During January, it was reported this week by RealtyTrac, there were 153,745 initial foreclosure notices sent out in the United States
The article also uses a chart lifted from a RealtyTrac press release dated February 26, 2008 which summarizes foreclosure data in January.
However, nowhere in the press release or the table is there use of the term “initial foreclosure notices” nor is there any obvious way to reconcile the press release data with the 153,745 figure that the Times cites (click to enlarge).
The column headings are NOD (Notice of Default), NTS (Notice of Trustee Sale), NFS (Notice of Foreclosure Sale), LS (Lis Perdens) and REO (Real Estate Owned).
The combination that gets you closest to the Time’s figure is NOD+LS+REO, which equals 153,238. But REO is the last step; it’s when the bank winds up buying the property because the bids at the foreclosure auction haven’ been high enough. That does not constitute an “initial foreclosure notice.”
So the Times figure looks questionable on its face, even before allowing for the fact that processes vary by state, that properties can enter the foreclosure process more than once, that the only way to get at a number over 60,000 requires adding entries in multiple columns, which almost certainly entails double counting, and that some properties have more than one mortgage (multiple mortgages mean multiple filings).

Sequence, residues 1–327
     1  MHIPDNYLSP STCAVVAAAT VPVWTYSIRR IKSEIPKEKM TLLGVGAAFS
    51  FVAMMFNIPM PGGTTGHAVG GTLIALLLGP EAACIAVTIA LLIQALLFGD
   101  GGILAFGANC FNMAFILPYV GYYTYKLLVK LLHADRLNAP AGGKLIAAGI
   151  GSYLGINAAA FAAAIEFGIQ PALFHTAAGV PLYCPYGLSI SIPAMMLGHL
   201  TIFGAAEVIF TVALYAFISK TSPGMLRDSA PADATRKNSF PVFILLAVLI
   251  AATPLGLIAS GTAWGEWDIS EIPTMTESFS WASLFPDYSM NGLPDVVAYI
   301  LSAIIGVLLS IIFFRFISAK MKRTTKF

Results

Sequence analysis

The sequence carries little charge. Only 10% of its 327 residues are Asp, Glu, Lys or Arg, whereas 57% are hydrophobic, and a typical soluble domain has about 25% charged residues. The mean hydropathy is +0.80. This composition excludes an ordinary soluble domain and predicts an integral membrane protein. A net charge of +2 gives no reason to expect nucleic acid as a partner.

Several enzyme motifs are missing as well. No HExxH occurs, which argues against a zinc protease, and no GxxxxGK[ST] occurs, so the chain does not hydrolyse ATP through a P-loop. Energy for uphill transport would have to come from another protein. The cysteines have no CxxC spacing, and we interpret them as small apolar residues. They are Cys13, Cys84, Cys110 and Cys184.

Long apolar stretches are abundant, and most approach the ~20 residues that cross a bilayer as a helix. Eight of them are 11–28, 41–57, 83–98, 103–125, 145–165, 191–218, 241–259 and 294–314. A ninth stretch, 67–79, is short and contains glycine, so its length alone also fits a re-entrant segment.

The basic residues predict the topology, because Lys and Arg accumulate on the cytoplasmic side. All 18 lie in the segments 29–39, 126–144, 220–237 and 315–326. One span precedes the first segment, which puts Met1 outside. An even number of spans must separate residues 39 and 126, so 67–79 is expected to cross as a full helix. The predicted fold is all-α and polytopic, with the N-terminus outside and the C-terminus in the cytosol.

Now Norris is not an expert; who knows how he (or a staffer) arrived at that figure. But Gross has real analytical horsepower; his minions ought to know full well that the RealtyTrac data yields inflated estimates, which was clearly the point of this exercise.
So back to the scaremongering:
Wherever they are and whoever was at fault in allowing them to buy a home in the first place, they are at the forefront of a recessionary saga that will cause considerable damage to many US citizens, communities and corporations alike.
Jefferson County, Alabama, for instance, announced last week that it may be unable to buy back nearly $1bn worth of floating rate debt owed to banks owing to the auction rate preferred (ARP) crisis. Standard & Poor’s swiftly cut its municipal bonds from A to junk status.